Suicide Prevention

Updated 11th Sep 2020

To have the best chance at preventing suicide we need to be able to identify the warning signs that someone may be considering suicide. Raising awareness and educating yourself and others around you is the best way to do this.

According to the World Health Organisation, 800,000 people die by suicide each year, and for each of these deaths, there are at least 20 suicide attempts. Each person that is able to recognise when someone is in trouble can save at least one of these lives. The first step is understanding why suicide happens.

 

Understanding Suicide

If you have never contemplated suicide, it may be difficult to understand why someone would take their own life. What’s important to understand is that in most cases it doesn’t feel like a choice. Those that die by suicide are usually in such pain and despair that it feels like the only way out of what they’re going through. Many try to get help or look for other ways to stop how they’re feeling, but unfortunately they don’t feel able to find an alternative.

While the reasons for suicide are complicated, there are a few factors that can increase the risk. These include:

  • Suffering from a mental illness, such as depression
  • Loss of job, or low job security or satisfaction
  • Incarceration
  • Social isolation
  • Being bullied or abuse
  • Witnessing abuse
  • Childhood trauma
  • Having a chronic illness or disease
  • Alcohol or drug addiction
  • Diagnosis of a serious medical condition
  • Loss of a loved one or serious relationship
  • Access to means of suicide
  • Difficult accessing or receiving support

These factors can enforce an overwhelming feeling of hopelessness and loss.

 

The Warning Signs

Many people show warning signs before attempting suicide. They can include:

  • Talking about suicide - discussions about killing or harming themselves, even casually
  • Unusual focus on death or dying - speaking, or writing stories and poems about death
  • Lack of hope - they may express that they don’t feel that things will get better or that they feel trapped
  • Self-hatred - they may express that they feel like a burden to those around them
  • Self-destructiveness - abusing alcohol or drugs, or behaving recklessly; this may be seen as them having a death wish
  • Increasing social isolation - withdrawing from loved ones and wanting to be left alone
  • Sudden change in behaviour - a decision to attempt suicide can make a severely depressed person seem suddenly calm
  • Saying goodbye - saying goodbye to loved ones, sometimes through gestures
  • Getting affairs in order - this could include writing a will, giving away items, sorting out their bank accounts, etc.

Any of the signs above can suggest that this person is in immediate danger and needs urgent help.

 

Worried About a Loved One?

Please remember that not everybody shows signs that they are suicidal, and if they do, they may be incredibly subtle. If you’re concerned about your loved one, you are advised to speak to them. The Mental Health Foundation use the word “WAIT” as a way to remember how to help someone you think may be suicidal and form a suicide prevention stategy:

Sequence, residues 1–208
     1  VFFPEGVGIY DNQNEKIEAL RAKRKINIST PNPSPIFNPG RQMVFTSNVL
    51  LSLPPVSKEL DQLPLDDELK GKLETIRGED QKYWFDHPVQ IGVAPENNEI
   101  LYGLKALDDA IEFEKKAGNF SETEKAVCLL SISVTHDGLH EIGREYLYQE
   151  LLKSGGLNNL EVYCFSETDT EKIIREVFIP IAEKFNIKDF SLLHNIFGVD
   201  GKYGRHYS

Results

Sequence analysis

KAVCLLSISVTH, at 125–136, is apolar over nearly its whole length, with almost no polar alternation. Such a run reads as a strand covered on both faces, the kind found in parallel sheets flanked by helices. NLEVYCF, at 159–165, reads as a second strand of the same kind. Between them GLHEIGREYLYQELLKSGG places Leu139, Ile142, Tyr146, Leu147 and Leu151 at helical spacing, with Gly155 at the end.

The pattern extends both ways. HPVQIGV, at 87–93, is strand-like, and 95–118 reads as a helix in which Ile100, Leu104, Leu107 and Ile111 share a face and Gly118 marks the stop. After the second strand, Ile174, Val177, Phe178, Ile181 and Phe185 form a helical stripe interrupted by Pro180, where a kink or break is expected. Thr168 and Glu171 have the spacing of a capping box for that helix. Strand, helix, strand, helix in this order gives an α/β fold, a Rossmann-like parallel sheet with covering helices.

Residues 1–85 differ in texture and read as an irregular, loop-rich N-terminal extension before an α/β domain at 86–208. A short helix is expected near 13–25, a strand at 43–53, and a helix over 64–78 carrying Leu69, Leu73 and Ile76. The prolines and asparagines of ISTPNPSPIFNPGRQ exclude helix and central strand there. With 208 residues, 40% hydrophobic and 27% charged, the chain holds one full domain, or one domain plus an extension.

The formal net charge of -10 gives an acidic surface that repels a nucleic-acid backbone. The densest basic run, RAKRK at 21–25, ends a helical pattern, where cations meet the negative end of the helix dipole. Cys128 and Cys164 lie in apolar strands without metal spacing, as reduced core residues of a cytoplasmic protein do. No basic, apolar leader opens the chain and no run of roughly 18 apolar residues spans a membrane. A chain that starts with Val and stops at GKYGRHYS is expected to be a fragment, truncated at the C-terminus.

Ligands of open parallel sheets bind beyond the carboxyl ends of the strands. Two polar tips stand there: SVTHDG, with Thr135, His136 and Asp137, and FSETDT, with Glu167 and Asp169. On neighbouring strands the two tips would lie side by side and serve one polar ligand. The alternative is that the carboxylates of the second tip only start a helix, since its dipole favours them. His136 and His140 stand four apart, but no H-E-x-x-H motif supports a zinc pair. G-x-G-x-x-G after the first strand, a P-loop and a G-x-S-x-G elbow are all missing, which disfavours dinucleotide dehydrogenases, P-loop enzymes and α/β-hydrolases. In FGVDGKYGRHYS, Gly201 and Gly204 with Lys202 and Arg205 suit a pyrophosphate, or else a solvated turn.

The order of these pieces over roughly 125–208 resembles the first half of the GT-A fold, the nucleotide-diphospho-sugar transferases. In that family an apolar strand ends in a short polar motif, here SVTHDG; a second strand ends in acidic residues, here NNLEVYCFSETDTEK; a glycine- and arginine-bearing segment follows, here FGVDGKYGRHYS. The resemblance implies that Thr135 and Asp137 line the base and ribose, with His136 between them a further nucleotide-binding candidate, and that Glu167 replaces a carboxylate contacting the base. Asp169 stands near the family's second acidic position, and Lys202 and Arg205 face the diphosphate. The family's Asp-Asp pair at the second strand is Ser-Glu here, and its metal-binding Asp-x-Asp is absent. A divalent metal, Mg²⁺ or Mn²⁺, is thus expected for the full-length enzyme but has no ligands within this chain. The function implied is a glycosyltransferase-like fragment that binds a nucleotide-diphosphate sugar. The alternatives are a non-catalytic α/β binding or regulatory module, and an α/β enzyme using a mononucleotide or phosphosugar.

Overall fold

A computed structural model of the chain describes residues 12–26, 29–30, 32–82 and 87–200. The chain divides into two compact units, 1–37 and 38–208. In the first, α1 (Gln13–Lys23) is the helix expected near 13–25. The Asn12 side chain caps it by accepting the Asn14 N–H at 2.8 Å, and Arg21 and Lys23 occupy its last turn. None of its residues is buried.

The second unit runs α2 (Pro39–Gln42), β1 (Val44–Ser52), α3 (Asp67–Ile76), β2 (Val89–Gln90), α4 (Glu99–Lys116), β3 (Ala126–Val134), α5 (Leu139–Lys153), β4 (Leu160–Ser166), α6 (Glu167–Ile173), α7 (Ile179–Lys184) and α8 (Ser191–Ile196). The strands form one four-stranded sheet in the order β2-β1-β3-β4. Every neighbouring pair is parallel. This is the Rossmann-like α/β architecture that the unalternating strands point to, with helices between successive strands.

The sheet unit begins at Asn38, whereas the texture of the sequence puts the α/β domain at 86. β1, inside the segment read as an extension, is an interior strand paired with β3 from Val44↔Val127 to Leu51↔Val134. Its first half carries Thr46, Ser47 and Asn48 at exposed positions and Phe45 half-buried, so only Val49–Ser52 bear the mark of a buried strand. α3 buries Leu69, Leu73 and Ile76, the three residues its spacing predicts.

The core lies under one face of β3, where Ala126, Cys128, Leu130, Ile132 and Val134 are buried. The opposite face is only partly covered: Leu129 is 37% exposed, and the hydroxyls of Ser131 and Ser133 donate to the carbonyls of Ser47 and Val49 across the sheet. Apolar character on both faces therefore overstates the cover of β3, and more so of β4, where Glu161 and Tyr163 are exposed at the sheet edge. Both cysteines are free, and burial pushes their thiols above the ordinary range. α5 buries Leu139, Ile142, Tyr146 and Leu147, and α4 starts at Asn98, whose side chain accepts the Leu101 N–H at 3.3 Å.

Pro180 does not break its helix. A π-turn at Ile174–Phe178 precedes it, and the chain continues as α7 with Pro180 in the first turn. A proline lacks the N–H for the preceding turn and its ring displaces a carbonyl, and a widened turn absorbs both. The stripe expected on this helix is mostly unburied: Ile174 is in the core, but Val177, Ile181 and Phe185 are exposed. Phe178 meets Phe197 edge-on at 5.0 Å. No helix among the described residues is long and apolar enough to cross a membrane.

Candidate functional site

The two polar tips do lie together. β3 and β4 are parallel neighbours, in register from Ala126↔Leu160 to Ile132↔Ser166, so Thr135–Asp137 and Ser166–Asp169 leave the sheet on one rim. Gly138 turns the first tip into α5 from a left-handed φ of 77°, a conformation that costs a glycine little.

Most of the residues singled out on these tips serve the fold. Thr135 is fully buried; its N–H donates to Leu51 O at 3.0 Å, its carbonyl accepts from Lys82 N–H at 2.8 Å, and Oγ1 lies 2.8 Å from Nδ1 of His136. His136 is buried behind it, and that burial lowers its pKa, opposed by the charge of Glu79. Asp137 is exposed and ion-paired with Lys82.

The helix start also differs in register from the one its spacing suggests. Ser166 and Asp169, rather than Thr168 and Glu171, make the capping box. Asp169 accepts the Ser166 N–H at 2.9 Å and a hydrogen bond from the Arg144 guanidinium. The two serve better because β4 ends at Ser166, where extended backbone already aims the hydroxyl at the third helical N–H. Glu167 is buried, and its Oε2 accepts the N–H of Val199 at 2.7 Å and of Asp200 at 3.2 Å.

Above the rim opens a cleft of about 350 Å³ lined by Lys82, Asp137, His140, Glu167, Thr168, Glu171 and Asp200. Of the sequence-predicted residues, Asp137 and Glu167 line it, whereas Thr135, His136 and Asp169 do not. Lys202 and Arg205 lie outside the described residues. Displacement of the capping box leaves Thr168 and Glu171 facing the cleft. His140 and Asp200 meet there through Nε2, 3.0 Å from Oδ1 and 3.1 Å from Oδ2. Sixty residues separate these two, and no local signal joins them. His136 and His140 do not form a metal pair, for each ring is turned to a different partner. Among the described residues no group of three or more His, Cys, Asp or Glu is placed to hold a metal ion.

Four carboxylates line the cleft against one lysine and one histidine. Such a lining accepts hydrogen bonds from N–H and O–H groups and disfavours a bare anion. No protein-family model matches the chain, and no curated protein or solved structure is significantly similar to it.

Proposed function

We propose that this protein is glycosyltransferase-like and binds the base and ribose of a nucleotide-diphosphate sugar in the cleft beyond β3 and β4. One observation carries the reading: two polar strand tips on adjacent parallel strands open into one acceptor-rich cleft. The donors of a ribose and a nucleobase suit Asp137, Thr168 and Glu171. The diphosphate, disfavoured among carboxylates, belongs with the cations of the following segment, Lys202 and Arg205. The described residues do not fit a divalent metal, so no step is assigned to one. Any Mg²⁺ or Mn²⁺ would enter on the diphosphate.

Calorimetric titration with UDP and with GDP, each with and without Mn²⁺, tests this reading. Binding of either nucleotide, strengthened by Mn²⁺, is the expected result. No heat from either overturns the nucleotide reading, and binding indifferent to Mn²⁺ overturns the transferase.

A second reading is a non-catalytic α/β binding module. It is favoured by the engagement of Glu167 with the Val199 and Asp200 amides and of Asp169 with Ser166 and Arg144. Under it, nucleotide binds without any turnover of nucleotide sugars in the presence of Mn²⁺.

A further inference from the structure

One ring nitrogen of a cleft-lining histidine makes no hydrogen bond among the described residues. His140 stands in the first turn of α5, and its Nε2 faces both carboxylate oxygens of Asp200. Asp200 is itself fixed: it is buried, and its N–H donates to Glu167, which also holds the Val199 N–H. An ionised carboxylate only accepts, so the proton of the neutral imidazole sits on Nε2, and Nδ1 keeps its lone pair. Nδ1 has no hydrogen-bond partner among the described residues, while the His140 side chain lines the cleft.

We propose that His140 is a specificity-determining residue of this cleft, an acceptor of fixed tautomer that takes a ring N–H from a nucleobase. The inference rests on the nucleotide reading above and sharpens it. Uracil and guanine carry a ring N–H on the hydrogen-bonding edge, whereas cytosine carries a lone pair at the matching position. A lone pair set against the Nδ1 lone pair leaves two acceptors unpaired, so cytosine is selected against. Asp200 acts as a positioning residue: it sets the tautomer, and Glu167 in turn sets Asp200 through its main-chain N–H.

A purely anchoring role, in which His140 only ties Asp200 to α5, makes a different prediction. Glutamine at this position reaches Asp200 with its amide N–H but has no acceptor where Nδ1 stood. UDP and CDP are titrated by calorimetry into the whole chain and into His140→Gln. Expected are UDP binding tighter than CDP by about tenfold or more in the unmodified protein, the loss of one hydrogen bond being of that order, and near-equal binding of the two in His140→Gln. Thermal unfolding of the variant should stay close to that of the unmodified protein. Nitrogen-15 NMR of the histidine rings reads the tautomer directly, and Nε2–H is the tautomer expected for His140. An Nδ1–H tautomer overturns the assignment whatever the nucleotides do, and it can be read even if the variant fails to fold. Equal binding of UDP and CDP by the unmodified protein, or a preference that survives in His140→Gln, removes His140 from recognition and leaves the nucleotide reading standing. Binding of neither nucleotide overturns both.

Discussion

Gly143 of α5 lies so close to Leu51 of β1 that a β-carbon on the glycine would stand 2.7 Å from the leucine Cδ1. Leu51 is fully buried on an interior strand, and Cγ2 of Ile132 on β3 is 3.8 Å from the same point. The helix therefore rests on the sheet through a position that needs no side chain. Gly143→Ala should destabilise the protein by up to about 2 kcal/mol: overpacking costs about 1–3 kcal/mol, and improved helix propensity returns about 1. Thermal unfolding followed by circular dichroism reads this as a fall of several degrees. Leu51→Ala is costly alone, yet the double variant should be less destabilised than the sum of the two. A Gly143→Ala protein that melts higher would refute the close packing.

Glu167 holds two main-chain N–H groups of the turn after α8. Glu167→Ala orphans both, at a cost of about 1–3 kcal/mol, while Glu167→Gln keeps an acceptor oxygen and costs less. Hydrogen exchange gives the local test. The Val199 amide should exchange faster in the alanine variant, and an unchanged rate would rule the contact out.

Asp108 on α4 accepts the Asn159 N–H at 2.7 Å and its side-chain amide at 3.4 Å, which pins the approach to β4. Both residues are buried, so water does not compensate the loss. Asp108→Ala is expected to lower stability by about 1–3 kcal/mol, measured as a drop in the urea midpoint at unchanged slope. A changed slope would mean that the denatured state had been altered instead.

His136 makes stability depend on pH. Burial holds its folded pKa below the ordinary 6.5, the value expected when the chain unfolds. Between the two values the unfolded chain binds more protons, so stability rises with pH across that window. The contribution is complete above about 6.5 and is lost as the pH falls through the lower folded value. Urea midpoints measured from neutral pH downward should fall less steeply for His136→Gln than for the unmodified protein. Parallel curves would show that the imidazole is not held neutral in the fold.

1. Watch out - for signs of distress and changes in behaviour
  2. Ask - "are you having suicidal thoughts?"
  3. It will pass - assure your loved one that, with help, their suicidal feelings will pass with time
  4. Talk to others - encourage your loved one to seek help from a GP or health professional

It’s not easy to be in a situation where you are worried for the life of someone you care about, but the most important thing you can do is listen. It’s likely that they would find it difficult to speak about what they are going through, so it’s essential that they know that you don’t judge them and that you are there for them. In order to do this, you need to be attentive and patient; give them time to open up and figure out how to express what they want to say. Avoid offering solutions, or expressing your opinions too soon as this may cause them to close up, or feel like they’re not being heard.

Read the Samaritans’ active listening tips, SHUSH, to help you with the conversation.

 

Are You Having Suicidal Thoughts?

If you are having a difficult time, it’s important to talk to someone about it. Letting someone know that you are struggling is an excellent place to start. If you’re not comfortable doing so with a family member or friend, there is a wide range of confidential support that can be provided to you, ranging from counselling to online chat services.

If you are having suicidal thoughts right now, remember that you don’t need to make an immediate decision. Take it one step at a time and just focus on getting through today. Try get yourself to a place where you feel safe, wherever that may be for you, and surround yourself with others if you can. Head to Rethink for a number of tips to help you get through today, and how to create your crisis plan.

 

You can call these NHS-approved suicide prevention helplines for free:

Samaritans: Call 116 123 - Email jo@samaritans.org - for everyone

CALM: Call 0800 58 58 58 - Webchat - for men

Papyrus: Call 0800 068 41 41 - Text 07860 039967 - Email pat@papyrus-uk.org - for people under 35

Childline: Call 0800 1111 - for people under 19

You can also speak to your GP, call 111, or your mental health crisis team.

 

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